By Martin Shellaker
// Thu 22nd
A recent article on IGD Analysis highlights that "retailers are no longer adopting a ‘me too‘ approach in private label development. Increasingly, they are bringing innovative product concepts to the market and stepping into the role of brand creators."
However, those of us who have been in this industry for a few years (or more), may remember that Sainsbury's has previously developed a powerful private-label program that stood apart from other brands. So successful was it, that by the mid-1990s, its own-label products generated 66 percent of total sales. Indeed, three of the company's proprietary products in particular made headlines in the early 1990s. Novon, a laundry detergent introduced in 1992, marked Sainsbury's move into head-to-head competition with national brands.
Within just six weeks of Novon's launch, the company's share of the detergents market doubled to 20 percent and 8 per cent of the £900m detergent market in the UK, with millions of Sainsbury's shoppers switching from traditional brands made by the industry giants Procter & Gamble (Ariel, Daz and Bold) and Unilever (Persil, Surf and Radion).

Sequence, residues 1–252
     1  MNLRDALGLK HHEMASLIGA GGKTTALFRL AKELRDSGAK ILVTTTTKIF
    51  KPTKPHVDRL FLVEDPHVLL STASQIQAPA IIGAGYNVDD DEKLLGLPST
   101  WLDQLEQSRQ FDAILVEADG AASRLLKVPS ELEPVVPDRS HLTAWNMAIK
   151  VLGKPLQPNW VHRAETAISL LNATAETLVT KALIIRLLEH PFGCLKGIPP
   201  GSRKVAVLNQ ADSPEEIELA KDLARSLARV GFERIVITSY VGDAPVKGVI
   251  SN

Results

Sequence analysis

In 1994, Sainsbury's changed the formulation and packaging of its own cola beverage, reintroducing it as "Classic Cola”. Within just a few weeks, Classic Cola won 13 percent of Britain's total cola market, while sales of both Coca-Cola and Pepsi at Sainsbury's stores plummeted.
So here we are 20 years on and retailers are once again demonstrating a renewed passion for private label - moving away from the replicating brands and increasingly creating their own unique designs, shapes and product features.
However, this time private label is more sophisticated e.g. increasingly helping to support retailers' mission specific ranging, building on store segmentation initiatives to arrange products in a way that is relevant to shopper needs e.g. Morrisons’ M Kitchen range, which, helped by collaborations with professional chefs and the pop up restaurants, has greatly enhanced customer perceptions of its ready meal offer.
Is this just the natural cycle of events or is the face of grocery retail changing for good? The fact that the passion for "private-label brands" is being embraced by all retailers suggests that this is here to stay. Ultimately, a good thing for all; more competition for brands, more choice for the shopper and maybe even more opportunities for great creative agencies to develop award winning work!
Sources: www.fundinguniverse.com; www.independent.co.uk; www.igd.com